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How You Can Demand an Afghanistan Exit Strategy

A vote on legislation demanding a timetable for withdrawal from Afghanistan could could come up in the next two weeks. Let Congress know you support the bill.

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He suggested that people ask their representatives for a written response to "force them to think about what you discuss with them and see whether you can influence their position."

For McGovern, the reasons we need to withdraw from Afghanistan are clear. And it begins with the mission itself.

"This mission -- whatever it is -- is not clear," he said. "And I don't think by any measure it is something that we should be investing so much in terms of human life and American taxpayer dollars."

He noted that the war began as a response to those responsible for 9-11, but those perpetrators are no longer there. Al Qaeda, too, is establishing itself in other parts of the world like Yemen, not in Afghanistan. In fact, focusing so many resources on Afghanistan hinders our ability to fight Al Qaeda.

"Now we're engaged in this prolonged nation-building -- get rid of the Taliban mission -- that is not clearly defined, and quite frankly, is not working," he said. "If you go to war, you should have a clearly defined mission -- a beginning, middle, transition period, and an end. I don't know what that is here. I can't tell you what success in Afghanistan means. I don't think the Administration can either."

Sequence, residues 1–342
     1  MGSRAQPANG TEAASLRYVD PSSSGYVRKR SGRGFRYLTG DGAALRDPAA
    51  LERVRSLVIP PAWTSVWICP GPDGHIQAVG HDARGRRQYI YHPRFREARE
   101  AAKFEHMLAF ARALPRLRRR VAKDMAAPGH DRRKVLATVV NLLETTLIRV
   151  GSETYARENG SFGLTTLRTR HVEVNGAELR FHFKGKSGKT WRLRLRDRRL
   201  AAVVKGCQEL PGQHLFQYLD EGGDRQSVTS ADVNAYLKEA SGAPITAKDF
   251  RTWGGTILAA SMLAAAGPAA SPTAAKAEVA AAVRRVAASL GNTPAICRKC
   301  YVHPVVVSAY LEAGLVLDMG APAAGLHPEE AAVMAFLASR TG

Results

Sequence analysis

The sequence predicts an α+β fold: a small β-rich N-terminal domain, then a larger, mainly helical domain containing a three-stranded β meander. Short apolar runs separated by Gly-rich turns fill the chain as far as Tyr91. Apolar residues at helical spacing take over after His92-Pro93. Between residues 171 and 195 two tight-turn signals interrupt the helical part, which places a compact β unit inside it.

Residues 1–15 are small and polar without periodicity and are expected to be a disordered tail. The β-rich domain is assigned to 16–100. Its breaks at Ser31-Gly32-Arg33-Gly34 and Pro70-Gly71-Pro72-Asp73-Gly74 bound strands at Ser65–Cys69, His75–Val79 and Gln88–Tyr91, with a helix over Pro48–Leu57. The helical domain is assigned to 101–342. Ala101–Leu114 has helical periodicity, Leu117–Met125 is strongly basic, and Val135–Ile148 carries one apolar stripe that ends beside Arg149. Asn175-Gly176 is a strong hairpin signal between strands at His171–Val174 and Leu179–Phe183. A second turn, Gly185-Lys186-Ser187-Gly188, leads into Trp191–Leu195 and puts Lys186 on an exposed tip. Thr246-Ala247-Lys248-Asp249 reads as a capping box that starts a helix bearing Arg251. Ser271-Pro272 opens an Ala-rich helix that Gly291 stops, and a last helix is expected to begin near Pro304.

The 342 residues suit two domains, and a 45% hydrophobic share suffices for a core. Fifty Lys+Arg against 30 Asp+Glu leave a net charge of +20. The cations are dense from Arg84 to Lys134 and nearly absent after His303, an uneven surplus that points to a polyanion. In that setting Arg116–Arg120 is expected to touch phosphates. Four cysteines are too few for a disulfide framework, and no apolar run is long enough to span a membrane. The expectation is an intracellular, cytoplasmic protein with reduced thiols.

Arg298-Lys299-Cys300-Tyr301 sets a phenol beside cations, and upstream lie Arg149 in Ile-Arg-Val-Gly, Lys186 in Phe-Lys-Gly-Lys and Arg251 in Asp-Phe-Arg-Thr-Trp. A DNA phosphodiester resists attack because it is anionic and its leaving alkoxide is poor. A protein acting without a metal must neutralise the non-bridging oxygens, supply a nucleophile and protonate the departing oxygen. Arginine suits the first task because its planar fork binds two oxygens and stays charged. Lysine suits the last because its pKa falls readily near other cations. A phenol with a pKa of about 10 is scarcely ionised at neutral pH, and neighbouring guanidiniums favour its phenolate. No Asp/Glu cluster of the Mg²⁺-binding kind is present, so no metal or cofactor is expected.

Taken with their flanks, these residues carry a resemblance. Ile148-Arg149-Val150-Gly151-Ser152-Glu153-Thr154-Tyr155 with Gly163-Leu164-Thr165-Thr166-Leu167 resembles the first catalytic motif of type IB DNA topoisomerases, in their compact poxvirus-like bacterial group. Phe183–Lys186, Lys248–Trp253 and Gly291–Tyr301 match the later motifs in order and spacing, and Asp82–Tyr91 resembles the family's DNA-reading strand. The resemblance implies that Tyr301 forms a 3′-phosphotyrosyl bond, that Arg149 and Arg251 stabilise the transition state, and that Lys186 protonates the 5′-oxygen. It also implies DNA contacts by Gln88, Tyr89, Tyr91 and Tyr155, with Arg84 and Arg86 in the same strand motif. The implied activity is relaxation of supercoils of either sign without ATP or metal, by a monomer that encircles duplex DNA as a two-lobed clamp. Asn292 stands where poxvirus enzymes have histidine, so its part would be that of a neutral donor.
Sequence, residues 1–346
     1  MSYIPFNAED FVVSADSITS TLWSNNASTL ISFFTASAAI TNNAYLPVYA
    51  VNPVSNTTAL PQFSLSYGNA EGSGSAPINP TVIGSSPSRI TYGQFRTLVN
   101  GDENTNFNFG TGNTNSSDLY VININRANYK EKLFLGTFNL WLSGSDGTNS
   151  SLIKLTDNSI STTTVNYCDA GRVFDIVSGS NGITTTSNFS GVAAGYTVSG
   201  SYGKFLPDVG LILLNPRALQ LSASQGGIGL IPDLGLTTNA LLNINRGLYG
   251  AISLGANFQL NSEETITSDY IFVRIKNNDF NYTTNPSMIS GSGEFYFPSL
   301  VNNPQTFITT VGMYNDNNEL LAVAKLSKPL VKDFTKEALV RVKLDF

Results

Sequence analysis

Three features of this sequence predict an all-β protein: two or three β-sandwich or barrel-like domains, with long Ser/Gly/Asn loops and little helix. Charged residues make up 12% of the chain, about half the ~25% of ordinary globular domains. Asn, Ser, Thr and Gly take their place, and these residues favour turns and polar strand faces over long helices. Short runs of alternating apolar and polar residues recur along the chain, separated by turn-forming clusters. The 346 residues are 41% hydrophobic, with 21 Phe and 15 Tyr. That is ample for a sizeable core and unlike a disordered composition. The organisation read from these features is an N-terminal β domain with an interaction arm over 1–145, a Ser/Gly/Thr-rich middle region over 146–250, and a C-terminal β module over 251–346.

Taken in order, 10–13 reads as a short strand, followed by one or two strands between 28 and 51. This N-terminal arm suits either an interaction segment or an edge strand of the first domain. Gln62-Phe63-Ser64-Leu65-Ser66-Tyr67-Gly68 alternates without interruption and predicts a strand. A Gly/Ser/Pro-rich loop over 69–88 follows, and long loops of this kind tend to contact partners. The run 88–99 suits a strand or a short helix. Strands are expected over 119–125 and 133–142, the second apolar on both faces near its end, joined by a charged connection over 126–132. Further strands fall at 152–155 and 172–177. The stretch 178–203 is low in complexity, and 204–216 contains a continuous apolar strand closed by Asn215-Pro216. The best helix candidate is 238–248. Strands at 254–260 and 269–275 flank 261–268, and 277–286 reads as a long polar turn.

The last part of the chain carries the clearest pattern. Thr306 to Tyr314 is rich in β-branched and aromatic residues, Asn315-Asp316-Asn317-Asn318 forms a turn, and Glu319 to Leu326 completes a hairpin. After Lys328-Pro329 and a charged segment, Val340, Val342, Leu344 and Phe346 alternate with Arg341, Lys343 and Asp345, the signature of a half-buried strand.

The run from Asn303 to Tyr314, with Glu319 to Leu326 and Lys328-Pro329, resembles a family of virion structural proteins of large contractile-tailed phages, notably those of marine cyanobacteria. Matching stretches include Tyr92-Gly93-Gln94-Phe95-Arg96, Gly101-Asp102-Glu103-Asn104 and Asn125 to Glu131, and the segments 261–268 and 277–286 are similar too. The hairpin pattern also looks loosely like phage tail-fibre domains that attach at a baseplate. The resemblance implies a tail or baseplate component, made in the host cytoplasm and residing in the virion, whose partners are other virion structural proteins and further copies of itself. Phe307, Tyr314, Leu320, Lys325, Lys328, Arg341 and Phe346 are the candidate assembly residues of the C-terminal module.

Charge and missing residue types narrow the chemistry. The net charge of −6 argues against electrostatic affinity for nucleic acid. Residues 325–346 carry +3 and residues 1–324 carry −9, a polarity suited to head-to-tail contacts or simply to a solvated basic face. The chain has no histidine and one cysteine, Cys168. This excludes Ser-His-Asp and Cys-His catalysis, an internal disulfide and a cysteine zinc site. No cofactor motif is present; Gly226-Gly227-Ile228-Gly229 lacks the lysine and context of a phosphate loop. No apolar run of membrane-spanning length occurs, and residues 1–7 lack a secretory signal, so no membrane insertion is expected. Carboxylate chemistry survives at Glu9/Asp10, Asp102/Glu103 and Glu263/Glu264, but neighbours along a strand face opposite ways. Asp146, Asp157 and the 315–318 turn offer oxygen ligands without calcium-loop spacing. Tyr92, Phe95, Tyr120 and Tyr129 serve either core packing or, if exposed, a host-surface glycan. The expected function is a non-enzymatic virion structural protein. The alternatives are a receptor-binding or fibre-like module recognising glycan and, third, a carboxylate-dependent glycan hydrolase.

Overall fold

McGovern says one of the biggest obstacles advocates for this bill face is the "fear" legislators have that they will be vulnerable to the charge that they are "soft" on terrorism. But he argues that this war isn't making the country safer.

 "I believe it's having the opposite effect," he said. "We're draining our Treasury. We're putting our young men and women in uniform's lives at risk defending a corrupt leader. With each civilian casualty, more and more resentment grows towards the American forces and the Allied Forces that are there."

The Congressman spoke of his August visit to Afghanistan and the "widespread outrage" among U.S. government representatives on the ground who were "horrified over the way Karzai conducted the election."

"But that outrage did not translate to our policy makers here in Washington," he said. "Basically we've given Karzai a pass. Supporting corrupt, incompetent governments -- that's not the way U.S. policy should proceed. I've seen this movie before -- and you have too -- it doesn't have a happy ending."

But McGovern is also quick to point out that he isn't advocating that the U.S. abandon Afghanistan, "nor should anybody." He said some of most successful development in Afghanistan has occurred without a significant military footprint.

"Maybe we should learn from that," he said. "The cost of one American soldier for one year in Afghanistan is equal to the cost of building thirty schools in Afghanistan. If you want to win the hearts and minds I think thirty schools is a pretty big deal. Helping the people of Afghanistan -- in a way that makes a real difference to them -- is a fraction of the cost of what we're doing right now."

And that cost of continuing this war isn't lost on McGovern or other advocates of this legislation. (In fact, if this legislation shortens the war in Afghanistan by a year, that would pay the two-year cost of the Local Jobs for America Act.

"The hundreds of billions of dollars we spend over there on war. ... All that -- mostly borrowed money -- means that we're not investing at home. It means our roads and our bridges aren't being fixed. It means our schools aren't being fixed. It means we're not investing in healthcare, and a whole range of other things that we need to do to get our economy back on track," he said. "When we talk about national security, that definition needs to be enhanced to include jobs, and the quality of education that we offer our people, and healthcare, and infrastructure, and roads and bridges, and the purity of our environment. All those things are a part of our national security."